Anti-transgender bills introduced around the nation; critics blast the move

By: Teddy Grant

State legislatures across the country have introduced anti-transgender laws that some LGBTQ advocates say will be harmful to transgender and non-binary youth.  

According to the American Civil Liberties Union (ACLU), 28 states are considering 60 anti-trans bills that would see trans girls blocked from participating in girls’ sports and restricting trans youth from accessing gender-affirming healthcare.  

“These are extreme bills and are clearly targeting trans youth since conversion therapy bans didn’t work,” Kylar Broadus, the founder and director of Trans People of Color Coalition, said Thursday on Start Your Day with Sharon Reed and Mike Hill.  

Broadus, who is the first openly trans person to testify in front of the Senate to fight discrimination based on sexual orientation and gender identity in the workplace, added, “all medical authorities do not approve these bans. They target and isolate trans youths who are at 70% at risk of suicide ideation.”  

Arkansas, Mississippi, South Dakota and Tennessee have already passed legislation placing those restrictions this month, CNN reported.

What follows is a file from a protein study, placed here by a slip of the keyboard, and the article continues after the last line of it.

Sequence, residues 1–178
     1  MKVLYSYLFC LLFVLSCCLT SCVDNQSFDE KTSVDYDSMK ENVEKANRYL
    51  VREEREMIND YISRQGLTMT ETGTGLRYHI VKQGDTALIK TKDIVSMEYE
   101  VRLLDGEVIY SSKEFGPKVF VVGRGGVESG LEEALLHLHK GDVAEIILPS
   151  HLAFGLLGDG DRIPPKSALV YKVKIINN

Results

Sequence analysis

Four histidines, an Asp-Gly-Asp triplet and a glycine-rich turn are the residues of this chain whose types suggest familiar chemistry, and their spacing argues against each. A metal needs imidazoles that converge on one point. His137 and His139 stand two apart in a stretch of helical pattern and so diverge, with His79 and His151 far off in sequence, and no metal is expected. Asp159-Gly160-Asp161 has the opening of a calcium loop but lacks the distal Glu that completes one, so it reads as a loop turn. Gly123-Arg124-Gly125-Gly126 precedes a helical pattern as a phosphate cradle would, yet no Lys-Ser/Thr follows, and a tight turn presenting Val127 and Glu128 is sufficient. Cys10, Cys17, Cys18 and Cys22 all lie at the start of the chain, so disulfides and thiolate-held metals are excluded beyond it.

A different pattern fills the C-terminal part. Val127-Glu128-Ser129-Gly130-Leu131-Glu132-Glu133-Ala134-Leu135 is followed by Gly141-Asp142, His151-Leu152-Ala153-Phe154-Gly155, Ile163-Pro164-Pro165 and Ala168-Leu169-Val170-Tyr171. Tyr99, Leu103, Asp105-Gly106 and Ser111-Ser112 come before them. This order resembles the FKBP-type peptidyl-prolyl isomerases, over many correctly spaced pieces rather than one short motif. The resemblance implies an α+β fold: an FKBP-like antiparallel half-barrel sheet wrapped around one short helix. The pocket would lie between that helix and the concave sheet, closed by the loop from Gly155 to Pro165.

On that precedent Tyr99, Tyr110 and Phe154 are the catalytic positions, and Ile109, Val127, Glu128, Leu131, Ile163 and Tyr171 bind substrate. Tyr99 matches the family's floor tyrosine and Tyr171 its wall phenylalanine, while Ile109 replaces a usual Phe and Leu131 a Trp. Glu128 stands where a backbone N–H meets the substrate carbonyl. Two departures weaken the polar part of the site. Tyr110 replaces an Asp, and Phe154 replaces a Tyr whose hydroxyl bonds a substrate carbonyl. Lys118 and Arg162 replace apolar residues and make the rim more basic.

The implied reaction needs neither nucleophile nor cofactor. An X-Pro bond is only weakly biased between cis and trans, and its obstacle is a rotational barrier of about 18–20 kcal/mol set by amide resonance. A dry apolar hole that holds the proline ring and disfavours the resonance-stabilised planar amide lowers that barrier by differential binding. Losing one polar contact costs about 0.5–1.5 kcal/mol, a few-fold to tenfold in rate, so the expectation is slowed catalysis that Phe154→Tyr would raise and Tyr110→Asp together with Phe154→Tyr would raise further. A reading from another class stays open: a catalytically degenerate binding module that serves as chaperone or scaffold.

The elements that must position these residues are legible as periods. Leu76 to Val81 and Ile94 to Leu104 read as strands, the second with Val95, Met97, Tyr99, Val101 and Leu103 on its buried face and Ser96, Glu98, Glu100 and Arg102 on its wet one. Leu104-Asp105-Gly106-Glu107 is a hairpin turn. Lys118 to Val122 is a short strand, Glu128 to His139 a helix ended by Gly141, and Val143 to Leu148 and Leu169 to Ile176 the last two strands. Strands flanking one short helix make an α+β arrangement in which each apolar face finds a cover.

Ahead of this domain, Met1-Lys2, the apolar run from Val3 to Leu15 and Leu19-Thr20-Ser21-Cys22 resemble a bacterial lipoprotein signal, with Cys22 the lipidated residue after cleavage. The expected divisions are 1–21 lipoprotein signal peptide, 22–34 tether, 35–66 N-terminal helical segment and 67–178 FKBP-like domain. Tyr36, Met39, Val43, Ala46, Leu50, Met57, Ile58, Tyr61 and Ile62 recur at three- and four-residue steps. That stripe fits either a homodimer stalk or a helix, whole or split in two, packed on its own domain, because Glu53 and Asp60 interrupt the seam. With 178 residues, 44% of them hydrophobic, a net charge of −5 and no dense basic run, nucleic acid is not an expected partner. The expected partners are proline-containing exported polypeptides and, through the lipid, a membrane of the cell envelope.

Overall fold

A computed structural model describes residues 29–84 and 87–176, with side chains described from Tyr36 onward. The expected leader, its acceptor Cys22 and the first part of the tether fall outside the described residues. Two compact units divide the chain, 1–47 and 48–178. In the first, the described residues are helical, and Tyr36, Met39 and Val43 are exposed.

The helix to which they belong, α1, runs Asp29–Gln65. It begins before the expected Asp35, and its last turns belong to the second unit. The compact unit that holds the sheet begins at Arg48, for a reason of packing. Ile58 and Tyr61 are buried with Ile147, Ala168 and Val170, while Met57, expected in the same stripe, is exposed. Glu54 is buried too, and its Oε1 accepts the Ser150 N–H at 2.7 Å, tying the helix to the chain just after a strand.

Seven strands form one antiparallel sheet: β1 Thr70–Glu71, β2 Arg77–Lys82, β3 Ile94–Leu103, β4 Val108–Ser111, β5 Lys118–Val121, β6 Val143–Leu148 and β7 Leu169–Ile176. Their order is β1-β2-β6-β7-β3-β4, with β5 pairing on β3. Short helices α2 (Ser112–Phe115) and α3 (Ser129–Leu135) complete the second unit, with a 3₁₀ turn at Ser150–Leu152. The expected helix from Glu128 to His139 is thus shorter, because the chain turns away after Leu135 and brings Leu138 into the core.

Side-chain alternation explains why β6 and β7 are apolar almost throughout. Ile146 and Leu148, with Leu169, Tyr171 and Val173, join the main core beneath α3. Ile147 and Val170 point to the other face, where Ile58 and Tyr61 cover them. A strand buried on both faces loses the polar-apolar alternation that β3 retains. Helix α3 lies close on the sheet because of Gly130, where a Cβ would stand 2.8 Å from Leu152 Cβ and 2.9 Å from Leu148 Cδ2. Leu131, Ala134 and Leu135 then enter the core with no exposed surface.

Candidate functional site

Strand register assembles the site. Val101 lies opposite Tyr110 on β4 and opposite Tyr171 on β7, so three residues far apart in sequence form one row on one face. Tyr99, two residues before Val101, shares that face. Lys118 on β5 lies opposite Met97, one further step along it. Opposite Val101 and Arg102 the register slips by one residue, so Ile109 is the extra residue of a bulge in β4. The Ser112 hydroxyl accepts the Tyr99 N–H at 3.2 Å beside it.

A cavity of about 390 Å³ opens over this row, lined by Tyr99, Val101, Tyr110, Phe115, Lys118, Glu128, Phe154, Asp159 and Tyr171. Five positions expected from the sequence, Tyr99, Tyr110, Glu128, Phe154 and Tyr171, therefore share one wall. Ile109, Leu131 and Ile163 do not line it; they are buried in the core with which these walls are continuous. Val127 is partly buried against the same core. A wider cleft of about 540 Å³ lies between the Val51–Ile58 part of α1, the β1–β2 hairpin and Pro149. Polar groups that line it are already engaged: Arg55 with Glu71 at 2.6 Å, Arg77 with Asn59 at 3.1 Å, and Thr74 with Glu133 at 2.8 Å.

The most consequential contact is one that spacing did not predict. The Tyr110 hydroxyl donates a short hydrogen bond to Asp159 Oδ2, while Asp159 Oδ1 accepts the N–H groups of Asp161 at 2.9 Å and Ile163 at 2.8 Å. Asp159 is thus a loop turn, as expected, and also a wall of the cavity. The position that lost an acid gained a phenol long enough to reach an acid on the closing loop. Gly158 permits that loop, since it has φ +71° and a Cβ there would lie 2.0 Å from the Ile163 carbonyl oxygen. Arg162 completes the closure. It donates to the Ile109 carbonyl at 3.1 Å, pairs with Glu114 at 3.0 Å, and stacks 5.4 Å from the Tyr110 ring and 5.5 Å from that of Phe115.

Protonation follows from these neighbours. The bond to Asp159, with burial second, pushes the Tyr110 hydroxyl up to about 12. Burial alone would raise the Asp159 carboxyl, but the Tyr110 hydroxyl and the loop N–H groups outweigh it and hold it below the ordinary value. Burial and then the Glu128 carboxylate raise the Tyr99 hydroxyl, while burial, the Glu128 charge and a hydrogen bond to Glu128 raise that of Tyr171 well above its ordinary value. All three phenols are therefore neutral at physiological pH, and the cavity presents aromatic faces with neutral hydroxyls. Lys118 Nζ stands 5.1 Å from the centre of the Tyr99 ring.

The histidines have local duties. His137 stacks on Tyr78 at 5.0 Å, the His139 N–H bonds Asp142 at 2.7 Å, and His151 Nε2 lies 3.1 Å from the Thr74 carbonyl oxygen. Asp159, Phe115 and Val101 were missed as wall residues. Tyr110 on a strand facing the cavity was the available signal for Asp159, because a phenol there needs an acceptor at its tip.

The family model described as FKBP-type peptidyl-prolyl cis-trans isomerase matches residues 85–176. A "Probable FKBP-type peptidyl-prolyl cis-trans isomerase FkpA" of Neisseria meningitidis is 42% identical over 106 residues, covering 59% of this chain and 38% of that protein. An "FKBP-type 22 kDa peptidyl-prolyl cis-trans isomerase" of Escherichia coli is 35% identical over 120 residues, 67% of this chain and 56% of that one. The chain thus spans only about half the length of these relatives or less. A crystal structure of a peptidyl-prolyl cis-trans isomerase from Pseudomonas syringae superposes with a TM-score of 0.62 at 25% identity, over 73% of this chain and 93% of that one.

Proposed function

On March 11, Mississippi Gov. Tate Reeves banned transgender girls and women in the state’s public schools and colleges from competing in women’s sports. 

When Reeves signed the anti-trans bills into law, he said, “This important piece of legislation will ensure that young girls in Mississippi have a fair, level playing field in public schools,” according to CNN.  

RELATED: House poised to vote on legal safeguards for LGBTQ people

In addition to Mississippi, Arkansas and Tennessee passed anti-trans legislation this month.  

“This has been a significant part of my work at the ACLU for the past six years and I’ve never seen anything like this,” Chase Strangio, deputy director for transgender justice at the ACLU, told CNN. “There have never been this many bills targeting trans youth voted out of committee and then making it to the floor.” 

Broadus said children know who they are, more so than he did when he was growing up in the 1960s, and that he was lucky that his “Black parents” knew who he was and that other Black parents need to understand their transgender child.  

“We’re all marginalized, we’re all treated differently and if you can get that, then you can get being trans,” Broadus said. “The most targeted are the people of the intersectionality of being Black and trans.”  

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